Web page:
I've had an interesting conversation a day ago and we came to a stop regarding one explanation.
Conversation went about how increasing brake rotors doesn't make your car stop faster. But we came to the part where I couldn't explain how can we calculate the work done by human foot pressing on brake pedal.
When we press on pedal we exert a force on it. And this pedal travels some distance, so there is work done. Through all of hydraulic system we get a normal force on brake caliper and through it we get friction on the rotor. But let's assume that the brake rotor isn't spinning. We can press on the pedal as much as we want, but there is no friction created.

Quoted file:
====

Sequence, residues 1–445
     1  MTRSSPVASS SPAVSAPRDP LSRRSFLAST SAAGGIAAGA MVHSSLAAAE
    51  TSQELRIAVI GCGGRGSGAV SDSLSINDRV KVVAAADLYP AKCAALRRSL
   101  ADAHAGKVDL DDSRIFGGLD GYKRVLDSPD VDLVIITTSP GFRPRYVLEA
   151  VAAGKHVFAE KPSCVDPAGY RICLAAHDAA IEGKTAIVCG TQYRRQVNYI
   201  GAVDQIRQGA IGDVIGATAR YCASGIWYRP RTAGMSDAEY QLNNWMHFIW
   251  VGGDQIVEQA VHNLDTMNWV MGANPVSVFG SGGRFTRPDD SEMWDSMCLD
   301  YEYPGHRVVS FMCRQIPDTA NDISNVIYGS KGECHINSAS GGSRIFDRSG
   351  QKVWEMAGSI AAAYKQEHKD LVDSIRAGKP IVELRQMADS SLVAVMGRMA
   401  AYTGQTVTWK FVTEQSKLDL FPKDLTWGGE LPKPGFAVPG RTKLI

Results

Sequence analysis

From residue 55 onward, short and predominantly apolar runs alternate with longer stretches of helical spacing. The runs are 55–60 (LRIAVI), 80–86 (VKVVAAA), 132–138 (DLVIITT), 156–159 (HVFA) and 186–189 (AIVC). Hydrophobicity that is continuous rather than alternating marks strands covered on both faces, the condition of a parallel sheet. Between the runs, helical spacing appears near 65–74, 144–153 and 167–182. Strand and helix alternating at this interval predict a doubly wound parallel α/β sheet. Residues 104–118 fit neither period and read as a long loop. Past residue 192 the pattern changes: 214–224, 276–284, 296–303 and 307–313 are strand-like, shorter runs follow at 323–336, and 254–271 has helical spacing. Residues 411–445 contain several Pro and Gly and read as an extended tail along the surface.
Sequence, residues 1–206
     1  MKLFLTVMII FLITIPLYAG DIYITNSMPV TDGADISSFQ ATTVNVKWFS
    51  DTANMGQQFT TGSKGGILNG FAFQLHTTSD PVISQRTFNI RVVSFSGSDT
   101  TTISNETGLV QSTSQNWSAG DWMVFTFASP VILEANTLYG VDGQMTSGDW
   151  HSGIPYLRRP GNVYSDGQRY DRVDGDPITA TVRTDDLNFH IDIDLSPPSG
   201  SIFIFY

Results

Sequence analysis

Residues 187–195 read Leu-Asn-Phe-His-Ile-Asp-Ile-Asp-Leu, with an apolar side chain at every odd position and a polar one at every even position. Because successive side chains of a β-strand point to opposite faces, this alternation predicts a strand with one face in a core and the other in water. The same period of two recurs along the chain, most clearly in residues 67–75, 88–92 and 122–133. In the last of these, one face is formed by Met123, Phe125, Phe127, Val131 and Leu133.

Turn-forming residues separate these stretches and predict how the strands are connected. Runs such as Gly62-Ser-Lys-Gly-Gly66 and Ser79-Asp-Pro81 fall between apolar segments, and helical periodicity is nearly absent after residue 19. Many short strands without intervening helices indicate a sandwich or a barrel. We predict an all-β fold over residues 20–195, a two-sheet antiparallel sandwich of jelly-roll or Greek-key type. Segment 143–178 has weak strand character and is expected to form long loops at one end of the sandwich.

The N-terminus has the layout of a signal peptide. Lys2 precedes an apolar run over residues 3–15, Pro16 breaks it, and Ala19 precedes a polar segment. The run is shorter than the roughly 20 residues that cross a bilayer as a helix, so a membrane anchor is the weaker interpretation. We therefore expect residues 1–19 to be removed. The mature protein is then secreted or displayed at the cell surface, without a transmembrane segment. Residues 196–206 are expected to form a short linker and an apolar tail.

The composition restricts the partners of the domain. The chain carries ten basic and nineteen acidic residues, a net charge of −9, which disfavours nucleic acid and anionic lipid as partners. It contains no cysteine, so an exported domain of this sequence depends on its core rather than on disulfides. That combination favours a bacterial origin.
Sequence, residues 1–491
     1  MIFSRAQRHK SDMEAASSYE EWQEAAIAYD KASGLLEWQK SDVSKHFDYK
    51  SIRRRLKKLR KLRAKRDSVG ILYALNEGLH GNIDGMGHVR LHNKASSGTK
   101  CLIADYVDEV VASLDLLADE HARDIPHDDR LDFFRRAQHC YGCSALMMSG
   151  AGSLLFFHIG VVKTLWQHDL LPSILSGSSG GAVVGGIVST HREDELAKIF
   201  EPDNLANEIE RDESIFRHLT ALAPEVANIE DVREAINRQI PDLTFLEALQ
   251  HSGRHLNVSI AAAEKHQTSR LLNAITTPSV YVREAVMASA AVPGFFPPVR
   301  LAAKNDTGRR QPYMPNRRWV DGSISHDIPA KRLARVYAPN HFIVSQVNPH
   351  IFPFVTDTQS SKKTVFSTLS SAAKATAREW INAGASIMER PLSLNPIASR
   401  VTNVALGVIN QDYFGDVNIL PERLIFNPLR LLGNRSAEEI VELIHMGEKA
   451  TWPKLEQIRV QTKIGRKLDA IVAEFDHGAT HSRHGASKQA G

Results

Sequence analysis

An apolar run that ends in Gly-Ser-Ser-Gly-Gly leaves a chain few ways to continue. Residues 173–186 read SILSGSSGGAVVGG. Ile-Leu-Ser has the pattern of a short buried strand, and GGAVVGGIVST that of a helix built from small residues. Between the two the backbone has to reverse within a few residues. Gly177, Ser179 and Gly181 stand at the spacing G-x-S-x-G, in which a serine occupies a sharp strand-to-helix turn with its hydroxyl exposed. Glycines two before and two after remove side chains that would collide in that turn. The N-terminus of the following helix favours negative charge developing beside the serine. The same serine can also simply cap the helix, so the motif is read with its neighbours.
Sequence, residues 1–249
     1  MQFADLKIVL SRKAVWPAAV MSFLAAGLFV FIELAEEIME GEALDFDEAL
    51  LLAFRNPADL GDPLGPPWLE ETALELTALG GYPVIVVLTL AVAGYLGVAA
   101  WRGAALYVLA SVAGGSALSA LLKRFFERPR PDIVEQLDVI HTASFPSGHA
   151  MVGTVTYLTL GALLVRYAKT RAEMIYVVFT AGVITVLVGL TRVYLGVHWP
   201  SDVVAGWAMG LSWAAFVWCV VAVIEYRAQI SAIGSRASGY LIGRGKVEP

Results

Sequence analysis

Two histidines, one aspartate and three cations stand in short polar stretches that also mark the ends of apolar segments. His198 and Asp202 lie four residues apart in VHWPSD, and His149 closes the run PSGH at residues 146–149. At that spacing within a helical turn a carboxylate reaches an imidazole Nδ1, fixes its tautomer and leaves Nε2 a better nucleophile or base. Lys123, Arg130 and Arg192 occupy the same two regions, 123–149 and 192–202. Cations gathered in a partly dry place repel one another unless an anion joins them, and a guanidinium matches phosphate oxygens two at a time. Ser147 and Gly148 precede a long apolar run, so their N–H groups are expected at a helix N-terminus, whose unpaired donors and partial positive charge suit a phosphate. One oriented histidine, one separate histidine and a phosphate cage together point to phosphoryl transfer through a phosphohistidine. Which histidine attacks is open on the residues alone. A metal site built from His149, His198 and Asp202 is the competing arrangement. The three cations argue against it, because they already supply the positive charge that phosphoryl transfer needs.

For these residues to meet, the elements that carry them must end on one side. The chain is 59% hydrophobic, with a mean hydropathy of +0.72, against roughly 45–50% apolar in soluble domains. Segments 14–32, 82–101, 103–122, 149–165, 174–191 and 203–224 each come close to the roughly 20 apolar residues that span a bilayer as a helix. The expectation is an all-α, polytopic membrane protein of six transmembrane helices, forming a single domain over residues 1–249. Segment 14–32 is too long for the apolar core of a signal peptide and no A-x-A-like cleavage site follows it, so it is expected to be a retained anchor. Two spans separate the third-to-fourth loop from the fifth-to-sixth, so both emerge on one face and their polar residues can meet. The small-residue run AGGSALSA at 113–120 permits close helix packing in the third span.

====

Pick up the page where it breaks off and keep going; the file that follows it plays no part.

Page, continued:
One more thing that bothers me is also equivalent of work done when we want to stop the car. We know its kinetic energy and all of this kinetic energy must transfer to heat energy of brake rotors (if we are correct, some goes to tires). I don't know the physical correct explanation of work done by foot and all this energy that transfers to heat on brake rotors. Can we even make this equal?
I know that calculation of work done by friction is straightforward. We know the magnitude of force and distance. But how do we calculate work done by normal force, which is perpendicular on the path of friction so dot product is zero?